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If x and y are positive, is x^3 > y? (1) \sqrt{x} > y (2) x > y

My approach: 1.\sqrt{x}>y ....>x>y^2....NS 2. x>y ....NS

Combine...y^2>x>y....> x^3>y. This can be verified by taking no like 4>3>2..where y=2 and x=3

Any other apporach.

If x and y are positive, is x^3>y?

NUMBER PLUGGING:

(1) \sqrt{x}>y --> if x=1 and y=\frac{1}{2} then the answer will be YES but if x=\frac{1}{4} and y=\frac{1}{5} then the answer will be NO. Two different answers, hence not sufficient.

(2) x>y --> if x=1 and y=\frac{1}{2} then the answer will be YES but if x=\frac{1}{4} and y=\frac{1}{5} then the answer will be NO. Two different answers, hence not sufficient.

(1)+(2) Both examples are valid for combined statements, so we still have two answers. Not sufficient.

Answer: E.

ALGEBRAIC APPROACH:

For 1\leq{x}: ------\sqrt{x}----x----x^3, so 1\leq{\sqrt{x}}\leq{x}\leq{x^3} (the case \sqrt{x}=x=x^3 is when x=1). y is somewhere in green zone (as y<\sqrt{x} and y<x), so if we have this case answer is always YES: y<x^3.

But:

For 0<x<1: 0----x^3----x----\sqrt{x}----1, so 0<x^3<x<\sqrt{x}. y is somewhere in green or red zone (as y<\sqrt{x} and y<x), so if we have this case answer is sometimes YES: y<x^3 (if y is in green zone), and sometimes NO: x^3<y (if y is in red zone). In fact in this case y=x^3 is also possible, for example when x=\frac{1}{2} and y=\frac{1}{8}

If x and y are positive, is x^3 > y? (1) \sqrt{x} > y (2) x > y

My approach: 1.\sqrt{x}>y ....>x>y^2....NS 2. x>y ....NS

Combine...y^2>x>y....> x^3>y. This can be verified by taking no like 4>3>2..where y=2 and x=3

Any other apporach.

If x and y are positive, is x^3>y?

NUMBER PLUGGING:

(1) \sqrt{x}>y --> if x=1 and y=\frac{1}{2} then the answer will be YES but if x=\frac{1}{4} and y=\frac{1}{5} then the answer will be NO. Two different answers, hence not sufficient.

(2) x>y --> if x=1 and y=\frac{1}{2} then the answer will be YES but if x=\frac{1}{4} and y=\frac{1}{5} then the answer will be NO. Two different answers, hence not sufficient.

(1)+(2) Both examples are valid for combined statements, so we still have two answers. Not sufficient.

Answer: E.

ALGEBRAIC APPROACH:

For 1\leq{x}: ------\sqrt{x}----x----x^3, so 1\leq{\sqrt{x}}\leq{x}\leq{x^3} (the case \sqrt{x}=x=x^3 is when x=1). y is somewhere in green zone (as y<\sqrt{x} and y<x), so if we have this case answer is always YES: y<x^3.

But:

For 0<x<1: 0----x^3----x----\sqrt{x}----1, so 0<x^3<x<\sqrt{x}. y is somewhere in green or red zone (as y<\sqrt{x} and y<x), so if we have this case answer is sometimes YES: y<x^3 (if y is in green zone), and sometimes NO: x^3<y (if y is in red zone). In fact in this case y=x^3 is also possible, for example when x=\frac{1}{2} and y=\frac{1}{8}

Re: If x and y are positive, is x^3 > y? [#permalink]
30 May 2014, 06:10

udaymathapati wrote:

If x and y are positive, is x^3 > y?

(1) \sqrt{x} > y (2) x > y

My method without number plugging:

1) \sqrt{x}>y

Square both sides. Since x & y are both positive, we know this doesn't change the sign at all (because f(x) = x^2 is a strictly increasing function for x \geq 0). Thus x > y^2. We're trying to get this in a form that resembles our original question, so we multiply each side by x^2(which we know is positive). Thus, x^3 > x^2y^2, or thatx^3 > y (x^2 y). Therefore, our question is TRUE if and only if x^2y\geq 1. Since we don't know anything about the behavior ofx^2y, we mark 1) as INSUFFICIENT.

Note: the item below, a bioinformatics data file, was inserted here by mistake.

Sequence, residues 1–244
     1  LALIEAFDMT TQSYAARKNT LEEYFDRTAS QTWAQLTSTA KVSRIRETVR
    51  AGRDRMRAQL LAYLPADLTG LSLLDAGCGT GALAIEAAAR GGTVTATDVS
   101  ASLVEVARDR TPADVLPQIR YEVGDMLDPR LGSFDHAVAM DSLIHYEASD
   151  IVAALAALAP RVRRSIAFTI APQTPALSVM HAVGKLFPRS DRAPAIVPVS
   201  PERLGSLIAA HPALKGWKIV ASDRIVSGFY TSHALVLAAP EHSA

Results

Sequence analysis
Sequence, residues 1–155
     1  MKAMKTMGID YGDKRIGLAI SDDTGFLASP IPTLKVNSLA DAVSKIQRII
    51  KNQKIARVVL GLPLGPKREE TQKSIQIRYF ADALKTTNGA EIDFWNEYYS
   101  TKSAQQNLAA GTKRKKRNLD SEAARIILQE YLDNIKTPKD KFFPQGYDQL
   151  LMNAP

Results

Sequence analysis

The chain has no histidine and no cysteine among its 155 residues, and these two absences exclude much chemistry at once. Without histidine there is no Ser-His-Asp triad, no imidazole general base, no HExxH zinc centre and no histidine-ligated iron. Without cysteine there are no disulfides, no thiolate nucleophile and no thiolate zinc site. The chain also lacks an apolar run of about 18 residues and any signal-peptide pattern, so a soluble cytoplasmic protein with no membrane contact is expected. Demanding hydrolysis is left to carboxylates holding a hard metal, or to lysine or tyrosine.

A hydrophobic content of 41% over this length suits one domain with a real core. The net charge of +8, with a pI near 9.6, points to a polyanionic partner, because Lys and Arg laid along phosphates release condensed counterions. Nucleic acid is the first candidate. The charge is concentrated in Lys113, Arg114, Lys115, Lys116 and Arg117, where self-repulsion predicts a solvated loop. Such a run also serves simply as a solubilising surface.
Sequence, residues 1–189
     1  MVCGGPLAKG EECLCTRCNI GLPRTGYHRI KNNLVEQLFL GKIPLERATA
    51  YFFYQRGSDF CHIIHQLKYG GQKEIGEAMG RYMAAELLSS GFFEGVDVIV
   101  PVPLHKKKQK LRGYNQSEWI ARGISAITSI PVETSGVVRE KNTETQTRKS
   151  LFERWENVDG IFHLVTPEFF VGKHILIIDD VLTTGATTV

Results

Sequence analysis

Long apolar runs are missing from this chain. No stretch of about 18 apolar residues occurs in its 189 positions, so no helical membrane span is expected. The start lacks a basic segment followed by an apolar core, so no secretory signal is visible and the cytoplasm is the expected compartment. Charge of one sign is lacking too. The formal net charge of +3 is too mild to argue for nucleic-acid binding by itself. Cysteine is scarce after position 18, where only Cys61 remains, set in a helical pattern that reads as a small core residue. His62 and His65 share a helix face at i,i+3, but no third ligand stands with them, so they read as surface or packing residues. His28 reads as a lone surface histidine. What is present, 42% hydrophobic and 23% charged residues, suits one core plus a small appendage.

2) x>y.

Multiplying both sides by x^2, we get that x^3 > yx^2. Thus, if x^2 \geq 1, we get TRUE, otherwise, we get FALSE. Since we have no information about x^2, we mark this as INSUFFICIENT.

Taking 1) and 2) together, we still have no information about x^2 or x^2y, so 1) & 2) are INSUFFICIENT.

Answer: E.

Last edited by speedilly on 30 May 2014, 14:37, edited 1 time in total.

If x and y are positive, is x^3 > y? (1) \sqrt{x} > y (2) x > y

My approach: 1.\sqrt{x}>y ....>x>y^2....NS 2. x>y ....NS

Combine...y^2>x>y....> x^3>y. This can be verified by taking no like 4>3>2..where y=2 and x=3

Any other apporach.

If x and y are positive, is x^3>y?

NUMBER PLUGGING:

(1) \sqrt{x}>y --> if x=1 and y=\frac{1}{2} then the answer will be YES but if x=\frac{1}{4} and y=\frac{1}{5} then the answer will be NO. Two different answers, hence not sufficient.

(2) x>y --> if x=1 and y=\frac{1}{2} then the answer will be YES but if x=\frac{1}{4} and y=\frac{1}{5} then the answer will be NO. Two different answers, hence not sufficient.

(1)+(2) Both examples are valid for combined statements, so we still have two answers. Not sufficient.

Answer: E.

ALGEBRAIC APPROACH:

For 1\leq{x}: ------\sqrt{x}----x----x^3, so 1\leq{\sqrt{x}}\leq{x}\leq{x^3} (the case \sqrt{x}=x=x^3 is when x=1). y is somewhere in green zone (as y<\sqrt{x} and y<x), so if we have this case answer is always YES: y<x^3.

But:

For 0<x<1: 0----x^3----x----\sqrt{x}----1, so 0<x^3<x<\sqrt{x}. y is somewhere in green or red zone (as y<\sqrt{x} and y<x), so if we have this case answer is sometimes YES: y<x^3 (if y is in green zone), and sometimes NO: x^3<y (if y is in red zone). In fact in this case y=x^3 is also possible, for example when x=\frac{1}{2} and y=\frac{1}{8}

Answer: E.

Hope it's clear.

What if the question says x and y are positive INTEGERS ??

What if the question says x and y are positive INTEGERS ??

If they were both integers, then the answer would be D: either of them are sufficient, since we'd know thatx^2y \geq 1 and x^2 \geq 1(see my solution above). The question doesn't state that, however, so we must consider all cases.

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